+-----+ ¦¦¦¦¦¦¦ +-----+
1939 1940 1941 1942 1943 Sales $897,522.67 $1,243,523.00 $4,081,159.58 $5,579,644.12 $5,870,667.86 Sales (no commissions 13,162.70 15,476.85 68,649.98 10,844.75 37,952.26 paid) Sales (commission 66,132.18 paid to others) Sales (commission 818,227.79 1,228,046.15 4,012,509.60 5,568,799.37 5,832,715.60 paid to Roman) Total commissions 27,830.42 38,221.44 121,425.56 167,707.43 175,463.05 paid Commission paid to 25,672.93 38,218.46 121,446.44 167,707.43 175,463.05 Roman Paid Flagg 14,396.24 20,000.00 63,180.37 120,534.10 116,230.05 by agents Amount disallowed by Commissioner 31,557.86 83,658.49 79,088.48
Traveling expenses paid by Flagg in 1941, 1942, and 1943 were as follows: 1941, $6,822.51; 1942, $6,075.61; 1943, $6,341.57. These amounts were claimed as deductions by Flagg and allowed by the Commissioner.
The petitioner also claimed as deductions certain amounts as traveling expenses of Flagg in the years 1941, 1942, and 1943 which were allowed by the Commissioner.
The Commissioner determined reasonable compensation for services of Flagg to be as follows:
+---+ ¦¦¦¦¦ +---+
1941 1942 1943 Compensation $30,000.00 $36,100.00 $36,000.00 Traveling expense 6,822.51 6,075.61 6,341.57 Total 36,822.51 42,175.61 42,341.57
In explanation of the adjustments made, the Commissioner in his notice of deficiency stated as to each adjustment as follows:
It is held that $63,180.37 ($120,534.10 and $116,230.05) of the sales commissions paid by you to your sales agent, C. F. Roman, which, during the year 1941, (1942 and 1943) were paid by C. F. Roman to J. T. Flagg, who is your president and treasurer, actually represents excessive compensation paid by you to J. T. Flagg for services rendered to the extent of $31,557.86 ($83,658.49 and $79,088.48). Section 23(a)(1)(A) of the Internal Revenue Code.
The fixed salary paid by petitioner, plus the amount of commissions paid by Roman in the years 1941, 1942, and 1943 to Flagg, represents a reasonable allowance for salaries or other compensation for personal services actually rendered by him during the taxable years in carrying on the business of petitioner.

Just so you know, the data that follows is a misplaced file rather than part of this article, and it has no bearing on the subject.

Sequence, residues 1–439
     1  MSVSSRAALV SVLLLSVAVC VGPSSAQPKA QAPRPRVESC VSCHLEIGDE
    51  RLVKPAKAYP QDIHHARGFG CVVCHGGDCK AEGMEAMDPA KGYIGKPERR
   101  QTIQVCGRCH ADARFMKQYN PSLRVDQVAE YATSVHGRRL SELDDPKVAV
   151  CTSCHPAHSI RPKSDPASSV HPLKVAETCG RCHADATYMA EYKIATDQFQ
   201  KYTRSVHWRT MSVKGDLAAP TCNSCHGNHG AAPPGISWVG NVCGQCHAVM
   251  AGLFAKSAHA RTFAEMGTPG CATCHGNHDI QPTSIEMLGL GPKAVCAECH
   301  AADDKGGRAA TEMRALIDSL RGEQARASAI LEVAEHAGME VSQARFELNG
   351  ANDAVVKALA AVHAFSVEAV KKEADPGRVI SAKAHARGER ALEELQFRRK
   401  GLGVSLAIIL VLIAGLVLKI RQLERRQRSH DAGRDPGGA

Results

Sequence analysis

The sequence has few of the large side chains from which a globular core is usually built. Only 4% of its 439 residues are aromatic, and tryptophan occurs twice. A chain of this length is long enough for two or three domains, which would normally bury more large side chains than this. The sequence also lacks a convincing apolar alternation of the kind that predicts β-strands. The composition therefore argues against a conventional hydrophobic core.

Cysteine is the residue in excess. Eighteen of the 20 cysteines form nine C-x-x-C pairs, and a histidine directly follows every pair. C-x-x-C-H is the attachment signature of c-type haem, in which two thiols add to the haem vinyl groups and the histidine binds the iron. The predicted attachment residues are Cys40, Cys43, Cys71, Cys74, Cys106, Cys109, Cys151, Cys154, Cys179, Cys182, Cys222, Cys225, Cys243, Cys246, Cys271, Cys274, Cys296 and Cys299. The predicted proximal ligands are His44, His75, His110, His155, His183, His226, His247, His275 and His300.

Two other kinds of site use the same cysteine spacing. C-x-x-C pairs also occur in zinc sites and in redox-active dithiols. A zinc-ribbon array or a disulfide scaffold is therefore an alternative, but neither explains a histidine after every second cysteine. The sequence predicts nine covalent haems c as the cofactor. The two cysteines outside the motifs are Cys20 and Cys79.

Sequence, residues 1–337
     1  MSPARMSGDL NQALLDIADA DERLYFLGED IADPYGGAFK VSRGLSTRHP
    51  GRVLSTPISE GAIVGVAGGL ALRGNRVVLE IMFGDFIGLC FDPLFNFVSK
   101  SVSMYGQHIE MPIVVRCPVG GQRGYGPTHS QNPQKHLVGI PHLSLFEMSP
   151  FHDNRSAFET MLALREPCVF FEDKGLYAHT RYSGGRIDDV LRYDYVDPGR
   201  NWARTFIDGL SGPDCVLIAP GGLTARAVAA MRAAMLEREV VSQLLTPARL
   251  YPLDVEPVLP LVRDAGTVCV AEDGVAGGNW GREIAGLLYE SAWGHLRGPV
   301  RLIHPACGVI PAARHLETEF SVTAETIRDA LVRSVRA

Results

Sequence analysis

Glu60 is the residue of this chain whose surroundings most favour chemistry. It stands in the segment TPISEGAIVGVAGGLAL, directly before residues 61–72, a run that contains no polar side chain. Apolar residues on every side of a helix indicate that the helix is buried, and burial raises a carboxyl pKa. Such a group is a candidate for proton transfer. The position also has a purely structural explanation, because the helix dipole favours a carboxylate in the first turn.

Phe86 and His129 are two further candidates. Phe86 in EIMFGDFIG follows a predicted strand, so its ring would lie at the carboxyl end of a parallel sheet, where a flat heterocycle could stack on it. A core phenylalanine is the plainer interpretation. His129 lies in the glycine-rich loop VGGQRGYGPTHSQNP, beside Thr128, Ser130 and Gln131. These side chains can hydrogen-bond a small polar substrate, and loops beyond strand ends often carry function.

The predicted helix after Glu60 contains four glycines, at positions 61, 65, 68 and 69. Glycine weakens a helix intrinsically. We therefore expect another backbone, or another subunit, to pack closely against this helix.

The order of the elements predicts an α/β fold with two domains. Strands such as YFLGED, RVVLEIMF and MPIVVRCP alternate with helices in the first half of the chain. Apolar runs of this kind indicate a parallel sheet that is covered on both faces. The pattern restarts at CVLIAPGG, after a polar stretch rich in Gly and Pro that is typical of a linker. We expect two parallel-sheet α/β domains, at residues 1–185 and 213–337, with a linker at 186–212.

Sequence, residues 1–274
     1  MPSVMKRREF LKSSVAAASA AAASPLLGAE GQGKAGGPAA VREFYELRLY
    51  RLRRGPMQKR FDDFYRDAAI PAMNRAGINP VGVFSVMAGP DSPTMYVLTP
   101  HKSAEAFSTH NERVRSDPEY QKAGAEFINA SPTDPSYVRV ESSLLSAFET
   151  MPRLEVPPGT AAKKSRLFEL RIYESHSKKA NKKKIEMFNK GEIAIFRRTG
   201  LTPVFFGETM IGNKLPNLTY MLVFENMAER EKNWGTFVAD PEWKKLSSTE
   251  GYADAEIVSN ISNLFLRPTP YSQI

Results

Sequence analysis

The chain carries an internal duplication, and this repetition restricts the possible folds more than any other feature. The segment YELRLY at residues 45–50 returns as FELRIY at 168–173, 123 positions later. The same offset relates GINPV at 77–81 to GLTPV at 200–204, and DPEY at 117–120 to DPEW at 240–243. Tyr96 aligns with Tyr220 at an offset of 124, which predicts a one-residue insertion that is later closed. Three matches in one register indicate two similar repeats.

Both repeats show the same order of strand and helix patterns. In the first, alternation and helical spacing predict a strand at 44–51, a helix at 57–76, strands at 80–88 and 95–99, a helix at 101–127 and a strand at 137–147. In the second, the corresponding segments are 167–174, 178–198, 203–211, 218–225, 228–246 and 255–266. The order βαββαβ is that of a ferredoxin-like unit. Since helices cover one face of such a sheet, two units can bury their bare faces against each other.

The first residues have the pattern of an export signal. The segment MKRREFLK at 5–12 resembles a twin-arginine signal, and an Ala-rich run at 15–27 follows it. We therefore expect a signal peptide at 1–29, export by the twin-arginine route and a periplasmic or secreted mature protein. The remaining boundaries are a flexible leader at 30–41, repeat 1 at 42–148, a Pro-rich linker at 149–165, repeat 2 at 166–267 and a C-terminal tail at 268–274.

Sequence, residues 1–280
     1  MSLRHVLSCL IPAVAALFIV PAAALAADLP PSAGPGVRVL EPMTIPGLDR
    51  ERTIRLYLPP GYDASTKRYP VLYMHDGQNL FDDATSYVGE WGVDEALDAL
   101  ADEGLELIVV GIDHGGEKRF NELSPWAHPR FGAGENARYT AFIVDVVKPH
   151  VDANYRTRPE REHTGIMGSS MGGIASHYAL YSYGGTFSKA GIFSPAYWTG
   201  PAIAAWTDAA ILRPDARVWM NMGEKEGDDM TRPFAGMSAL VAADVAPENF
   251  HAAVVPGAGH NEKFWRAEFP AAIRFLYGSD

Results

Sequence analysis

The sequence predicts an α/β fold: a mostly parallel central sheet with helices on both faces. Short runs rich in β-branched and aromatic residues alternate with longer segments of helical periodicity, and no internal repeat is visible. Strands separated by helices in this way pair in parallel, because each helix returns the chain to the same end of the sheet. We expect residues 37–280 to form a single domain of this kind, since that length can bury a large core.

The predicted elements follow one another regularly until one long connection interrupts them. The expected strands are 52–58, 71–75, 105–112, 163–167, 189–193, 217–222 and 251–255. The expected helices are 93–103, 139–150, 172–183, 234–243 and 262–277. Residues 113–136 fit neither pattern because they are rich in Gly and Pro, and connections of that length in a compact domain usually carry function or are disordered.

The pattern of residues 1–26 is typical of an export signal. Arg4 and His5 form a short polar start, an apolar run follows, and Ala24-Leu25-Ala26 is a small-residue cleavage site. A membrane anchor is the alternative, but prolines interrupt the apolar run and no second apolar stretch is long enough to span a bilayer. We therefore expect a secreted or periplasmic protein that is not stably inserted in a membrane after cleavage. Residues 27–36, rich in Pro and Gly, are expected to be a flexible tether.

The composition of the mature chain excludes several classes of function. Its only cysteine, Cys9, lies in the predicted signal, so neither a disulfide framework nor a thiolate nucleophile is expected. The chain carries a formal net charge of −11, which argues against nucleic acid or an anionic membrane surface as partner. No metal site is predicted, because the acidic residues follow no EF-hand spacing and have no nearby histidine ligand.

It was stipulated that petitioner is entitled to a deduction of $2,875.67 for the year 1939, representing a debt ascertained to be worthless and charged off within the taxable year.
The respondent admits that by electing to take the shortened amortization period for the Cherry Hill property, petitioner became and is entitled to deduct, as amortization, in addition to the amounts allowed by the deficiency notice, the further amounts of $1,899.08 for 1942 and $3,816.50 for 1943.
VAN FOSSAN, Judge:
The respondent on brief concedes that Flagg's selling activities were considerable and that he devoted a large portion of his time to selling the products of petitioner. He also concedes that the evidence shows that the selling of a product of a knitting mill through a sales agency on a percentage basis is not unusual, particularly where the sales volume does not exceed that attained by the petitioner during 1941, 1942, and 1943, and that such is considered a sound business arrangement. He states that he has not and does not now contend otherwise. He further states as follows:
There is no reason why the Commissioner should object to any such arrangement unless the officer in question receives a total compensation, including the amounts received indirectly through the sales agent as a conduit, which is in excess of what which is reasonable. In the instant case, however, that was precisely what the Commissioner determined.